Galilee Diary: Definitions III
Jacob awoke from his sleep and said, "Surely the Lord is present in this place, and I did not know it!" Shaken, he said, "How awesome is this place! This is none other than the abode of God, and that is the gateway to heaven."
Recently I led a day trip for the Avshalom Institute, one of a number of organizations around the country providing adult education programming on "Israel studies," including lectures, courses, and field trips. The clientele are mostly active senior citizens, and many of the programs are quite rich, with prominent academic lecturers. Our topic was "the 'streams' of Judaism in the Galilee." After an introductory lecture on the development of the denominations, especially Reform, we went on to four encounters:
At the Conservative kibbutz, Hannaton, we met the new young rabbi, Yoav Ende, who explained both the philosophy of the movement and the story of the community - a kibbutz that failed (socially and economically) in the past, but is now going through a rebirth. The participants, who were pretty much all from the sector that defines itself as "secular," found it difficult to place the boundaries - between Reform and Conservative - and between Conservative and Orthodox: "So, if you follow halachah, how are you different from Orthodox? But if you apply your own reasoning to change the halachah, how are you different from Reform?"
And the questions continued on the bus all the way to the next stop, Kibbutz Lavi, one of the pillars of the Orthodox kibbutz movement. Our hostess, Sheila, from London, was one of the founders in the late 40s. Her self-deprecating, ironic British humor, her swashbuckling stories of the early days, and her love for the kibbutz, won the crowd over: "If all the Orthodox were like you, we'd all be Orthodox." There is of course an internal contradiction in the very term "Orthodox kibbutz," as was clear from Sheila's story of the time the kibbutz chairman and the rabbi went head-to-head: the chairman insisted that on a kibbutz, authority resides in the general assembly; the rabbi insisted that in an Orthodox community, authority resides in the rabbi. A fascinating and inescapable dilemma.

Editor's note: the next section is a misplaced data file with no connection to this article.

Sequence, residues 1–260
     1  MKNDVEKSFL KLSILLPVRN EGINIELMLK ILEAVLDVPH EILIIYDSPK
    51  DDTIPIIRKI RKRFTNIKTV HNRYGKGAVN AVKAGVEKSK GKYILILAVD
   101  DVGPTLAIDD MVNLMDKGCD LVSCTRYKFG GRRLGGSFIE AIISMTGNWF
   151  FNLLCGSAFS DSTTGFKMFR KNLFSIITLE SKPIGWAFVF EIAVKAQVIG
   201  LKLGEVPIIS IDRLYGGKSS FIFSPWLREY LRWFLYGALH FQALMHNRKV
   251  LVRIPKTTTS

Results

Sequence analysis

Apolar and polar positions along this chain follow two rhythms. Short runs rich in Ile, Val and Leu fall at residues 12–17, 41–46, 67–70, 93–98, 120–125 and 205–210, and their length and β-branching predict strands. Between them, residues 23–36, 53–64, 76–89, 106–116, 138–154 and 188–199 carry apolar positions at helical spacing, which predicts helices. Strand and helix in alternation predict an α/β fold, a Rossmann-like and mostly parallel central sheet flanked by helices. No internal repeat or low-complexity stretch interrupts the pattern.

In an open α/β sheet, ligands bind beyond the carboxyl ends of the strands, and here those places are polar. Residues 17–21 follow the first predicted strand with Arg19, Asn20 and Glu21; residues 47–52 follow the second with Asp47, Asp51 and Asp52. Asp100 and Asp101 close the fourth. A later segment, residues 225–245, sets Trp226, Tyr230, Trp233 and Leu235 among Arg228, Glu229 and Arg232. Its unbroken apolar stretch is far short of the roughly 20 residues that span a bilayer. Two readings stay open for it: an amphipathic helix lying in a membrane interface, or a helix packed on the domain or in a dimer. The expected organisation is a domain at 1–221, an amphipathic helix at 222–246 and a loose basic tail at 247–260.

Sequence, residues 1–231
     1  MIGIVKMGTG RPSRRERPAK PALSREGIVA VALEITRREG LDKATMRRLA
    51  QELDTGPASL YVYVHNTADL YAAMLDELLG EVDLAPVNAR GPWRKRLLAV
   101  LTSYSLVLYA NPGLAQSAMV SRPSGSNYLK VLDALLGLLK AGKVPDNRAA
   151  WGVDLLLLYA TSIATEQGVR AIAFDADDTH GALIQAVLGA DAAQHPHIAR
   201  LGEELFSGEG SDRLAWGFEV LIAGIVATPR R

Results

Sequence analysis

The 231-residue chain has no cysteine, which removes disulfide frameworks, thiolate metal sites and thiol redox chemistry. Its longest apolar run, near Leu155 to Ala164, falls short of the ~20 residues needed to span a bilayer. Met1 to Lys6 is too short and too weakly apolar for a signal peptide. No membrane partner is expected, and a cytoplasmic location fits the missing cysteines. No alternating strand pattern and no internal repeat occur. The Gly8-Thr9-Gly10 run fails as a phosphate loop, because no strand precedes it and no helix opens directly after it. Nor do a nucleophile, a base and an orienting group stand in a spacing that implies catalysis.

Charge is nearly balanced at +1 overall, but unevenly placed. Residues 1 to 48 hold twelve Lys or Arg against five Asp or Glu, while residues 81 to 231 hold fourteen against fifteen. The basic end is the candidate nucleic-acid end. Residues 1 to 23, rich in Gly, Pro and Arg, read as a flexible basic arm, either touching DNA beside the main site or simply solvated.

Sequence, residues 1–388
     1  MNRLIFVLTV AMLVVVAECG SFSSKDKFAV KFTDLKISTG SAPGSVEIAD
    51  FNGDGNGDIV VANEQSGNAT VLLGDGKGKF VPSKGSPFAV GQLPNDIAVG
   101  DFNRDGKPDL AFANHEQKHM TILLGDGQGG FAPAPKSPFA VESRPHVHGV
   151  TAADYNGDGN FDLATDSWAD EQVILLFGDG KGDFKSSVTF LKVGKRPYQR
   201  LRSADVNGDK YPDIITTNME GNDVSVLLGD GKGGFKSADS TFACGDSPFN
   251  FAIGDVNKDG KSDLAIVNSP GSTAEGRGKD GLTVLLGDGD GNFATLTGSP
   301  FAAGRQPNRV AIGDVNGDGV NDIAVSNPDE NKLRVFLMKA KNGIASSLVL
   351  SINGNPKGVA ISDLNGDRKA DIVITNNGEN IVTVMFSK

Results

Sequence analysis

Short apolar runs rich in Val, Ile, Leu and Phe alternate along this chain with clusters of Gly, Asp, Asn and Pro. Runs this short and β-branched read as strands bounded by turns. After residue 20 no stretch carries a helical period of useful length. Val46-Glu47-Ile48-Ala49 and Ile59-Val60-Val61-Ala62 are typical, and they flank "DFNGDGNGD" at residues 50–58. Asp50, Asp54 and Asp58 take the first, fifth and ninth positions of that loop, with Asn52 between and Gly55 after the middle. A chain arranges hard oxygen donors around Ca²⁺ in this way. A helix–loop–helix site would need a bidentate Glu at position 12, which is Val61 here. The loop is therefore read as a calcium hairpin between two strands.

On to Khirbet Ammudim, a few miles away, where the ruin of a third century synagogue sits in the middle of a cow pasture. There we discussed the fact that in all the many early synagogues excavated in the Galilee and Golan, no one has ever found evidence of a women's section - yet the Talmud refers to women attending synagogue. Mixed seating? Women outside? A wooden partition that left no trace? Given the lack of evidence, everyone is free to conjecture according to what s/he wants to be the right answer...
We ended the day at Kibbutz Yagur, famous for leading the way in producing an elaborate Passover seder every year, with an original Haggadah and original music. Our guide, Michal, was a disciple of Yehudah Sharett, who was the driving force in creating these productions for decades. She spoke of his "religious" approach, reminiscent of the founder of cultural Zionism, Achad Ha'am: the ritual is an expression of our national identity and historical experience - no need to get involved in theology. She spoke nostalgically of those magical productions with their massive multi-generational choirs, elaborate choreography, months of rehearsal. Today, of course, there's no budget for a music teacher, and besides, many people prefer a private, family seder. The "secular religion" pioneered by the kibbutzim in the first half of the 20th century is struggling to redefine itself. Its rituals have lost their power for many people, and the result has been a slide in the direction of reconnecting to traditional texts and practices.
My "tourists" headed back to Tel Aviv with lots of questions - and with no awareness that they probably live down the block from a Reform or Conservative synagogue.